Russia Draws 'Red Line' On Possibility Of US Sending Anti-Air Missiles To Ukraine

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by Tyler Durden
Thursday, Feb 10, 2022 - 12:10 AM

Russia has for a couple months insisted that it has no plans to invade Ukraine, even as positioned extra forces in the south near the border, but the Kremlin is now issuing fresh warnings on its 'red lines' after reports emerged that Ukraine has requested THAAD missile defense systems from the US military. 

Deputy Foreign Minister Sergei Ryabkov responded to the reports Wednesday, saying the missile request if true would mark a serious "provocation" and that it would be a significant setback for the Ukraine crisis, according to RIA news agency.

Terminal High-Altitude Area Defense missile battery (THAAD): US Army photo

However, Ryabkov admitted that at this point the US THAAD deployment remains "hypothetical" and appears to the be speculation among the media. Reports suggested they would be deployed around the large northeast Ukrainian city of Kharkiv, which Ryabkov dismissed as "blackmail and a provocation," according to TASS news agency.

"Everything that is happening in this field from the standpoint of supplying Ukraine with military equipment, ammunition and weapons, including lethal weapons, is an attempt to exert extra pressure, including military-technical pressure, on Russia. Obviously, there is a great deal of blackmail involved, too," Ryabkov said.

Referring to Ukraine's military and its Western backers in NATO, he said "this group of [Russia’s] opponents has virtually nothing left in its arsenal by and large."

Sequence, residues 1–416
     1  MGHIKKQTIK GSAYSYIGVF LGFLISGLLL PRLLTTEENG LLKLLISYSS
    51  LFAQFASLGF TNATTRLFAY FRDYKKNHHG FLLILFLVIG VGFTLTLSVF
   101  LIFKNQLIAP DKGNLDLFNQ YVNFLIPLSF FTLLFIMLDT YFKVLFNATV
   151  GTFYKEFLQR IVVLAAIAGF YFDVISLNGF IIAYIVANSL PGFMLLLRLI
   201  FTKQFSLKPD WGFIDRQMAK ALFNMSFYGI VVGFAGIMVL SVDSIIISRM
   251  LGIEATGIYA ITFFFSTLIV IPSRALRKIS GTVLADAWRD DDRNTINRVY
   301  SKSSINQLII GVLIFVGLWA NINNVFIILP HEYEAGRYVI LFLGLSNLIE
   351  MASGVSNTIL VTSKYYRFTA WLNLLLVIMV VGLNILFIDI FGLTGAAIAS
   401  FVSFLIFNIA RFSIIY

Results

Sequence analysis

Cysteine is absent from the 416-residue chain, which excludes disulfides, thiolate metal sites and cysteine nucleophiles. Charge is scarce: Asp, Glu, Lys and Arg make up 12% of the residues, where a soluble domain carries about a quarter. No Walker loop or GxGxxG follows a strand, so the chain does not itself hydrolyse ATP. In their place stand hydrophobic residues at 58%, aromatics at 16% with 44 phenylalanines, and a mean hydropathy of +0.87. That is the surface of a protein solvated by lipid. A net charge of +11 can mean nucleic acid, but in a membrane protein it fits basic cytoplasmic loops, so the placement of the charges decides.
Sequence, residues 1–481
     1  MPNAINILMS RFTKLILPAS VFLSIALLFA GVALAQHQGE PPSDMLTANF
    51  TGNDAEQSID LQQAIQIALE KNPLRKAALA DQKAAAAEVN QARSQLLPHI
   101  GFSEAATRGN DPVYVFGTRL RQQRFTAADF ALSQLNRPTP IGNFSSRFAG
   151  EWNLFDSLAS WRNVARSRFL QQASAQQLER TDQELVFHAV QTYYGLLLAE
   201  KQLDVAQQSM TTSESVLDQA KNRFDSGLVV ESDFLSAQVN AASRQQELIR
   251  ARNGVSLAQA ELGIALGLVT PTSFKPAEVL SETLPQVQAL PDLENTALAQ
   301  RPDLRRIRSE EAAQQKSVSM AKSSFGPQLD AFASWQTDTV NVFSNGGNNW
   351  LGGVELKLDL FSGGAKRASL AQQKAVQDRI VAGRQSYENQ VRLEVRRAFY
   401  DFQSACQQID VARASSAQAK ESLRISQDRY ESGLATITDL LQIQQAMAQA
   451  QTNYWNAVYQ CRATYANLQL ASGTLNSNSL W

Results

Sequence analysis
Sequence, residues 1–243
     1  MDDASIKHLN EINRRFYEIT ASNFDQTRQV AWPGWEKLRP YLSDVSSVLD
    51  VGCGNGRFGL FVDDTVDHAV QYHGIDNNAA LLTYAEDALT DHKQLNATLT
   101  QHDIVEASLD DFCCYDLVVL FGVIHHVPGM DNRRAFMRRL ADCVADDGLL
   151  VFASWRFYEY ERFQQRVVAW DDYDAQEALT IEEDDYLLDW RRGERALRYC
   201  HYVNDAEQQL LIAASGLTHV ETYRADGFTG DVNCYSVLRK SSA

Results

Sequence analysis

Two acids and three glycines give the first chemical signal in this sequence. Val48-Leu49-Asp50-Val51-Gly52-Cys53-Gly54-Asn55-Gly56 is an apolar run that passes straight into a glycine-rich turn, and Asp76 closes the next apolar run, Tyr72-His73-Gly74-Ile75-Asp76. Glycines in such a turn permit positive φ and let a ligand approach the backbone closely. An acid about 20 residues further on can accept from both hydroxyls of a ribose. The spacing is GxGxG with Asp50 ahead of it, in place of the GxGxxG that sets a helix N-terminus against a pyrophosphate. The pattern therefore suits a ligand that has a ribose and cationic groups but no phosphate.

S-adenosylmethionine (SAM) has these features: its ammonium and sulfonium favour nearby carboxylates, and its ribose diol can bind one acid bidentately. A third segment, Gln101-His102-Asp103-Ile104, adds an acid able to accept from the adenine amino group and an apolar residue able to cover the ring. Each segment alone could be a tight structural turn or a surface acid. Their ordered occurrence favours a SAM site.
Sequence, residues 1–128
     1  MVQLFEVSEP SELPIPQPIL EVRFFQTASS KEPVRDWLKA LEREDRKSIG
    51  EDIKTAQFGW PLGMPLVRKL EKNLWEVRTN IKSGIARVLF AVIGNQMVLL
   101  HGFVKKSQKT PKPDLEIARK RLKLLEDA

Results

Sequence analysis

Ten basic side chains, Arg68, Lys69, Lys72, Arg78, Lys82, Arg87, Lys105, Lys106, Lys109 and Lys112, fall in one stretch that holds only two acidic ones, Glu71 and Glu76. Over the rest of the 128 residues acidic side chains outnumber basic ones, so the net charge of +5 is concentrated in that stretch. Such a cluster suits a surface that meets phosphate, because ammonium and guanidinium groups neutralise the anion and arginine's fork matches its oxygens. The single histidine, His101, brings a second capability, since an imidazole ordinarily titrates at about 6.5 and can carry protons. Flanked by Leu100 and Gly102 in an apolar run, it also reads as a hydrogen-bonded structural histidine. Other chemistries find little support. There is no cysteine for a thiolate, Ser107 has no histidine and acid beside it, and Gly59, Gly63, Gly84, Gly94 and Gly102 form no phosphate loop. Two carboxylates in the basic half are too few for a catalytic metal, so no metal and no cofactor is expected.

"Instead of de-escalation, including an unconditional demand Kiev comply with the Minsk agreements to the full extent there have followed all sorts of media fakes. Some of these are obviously addressed to the incompetent public at large, which is eager to buy any such news, in particular, negative sensations. But we do not yield to provocations. What he have seen is a provocation of the first water," Ryabkov added.

The THAAD system is capable of intercepting both high-altitude and intermediate-range missiles. But so far the main weapons entering Ukraine from the West appear to be smaller anti-tank and anti-armor munitions, using for closer range combat. 

Meanwhile, President Putin reportedly complained to his French counterpart Emmanuel Macron when the two met in Moscow for some five hours that NATO is continuing to "pump Ukraine with weapons."

"NATO member countries continue to pump up Ukraine with modern types of weapons, allocate significant financial resources for the modernization of the Ukrainian army. They send military specialists and instructors," Putin said at a press conference immediately following the summit with Macron, which was aimed a finding a path toward de-escalation.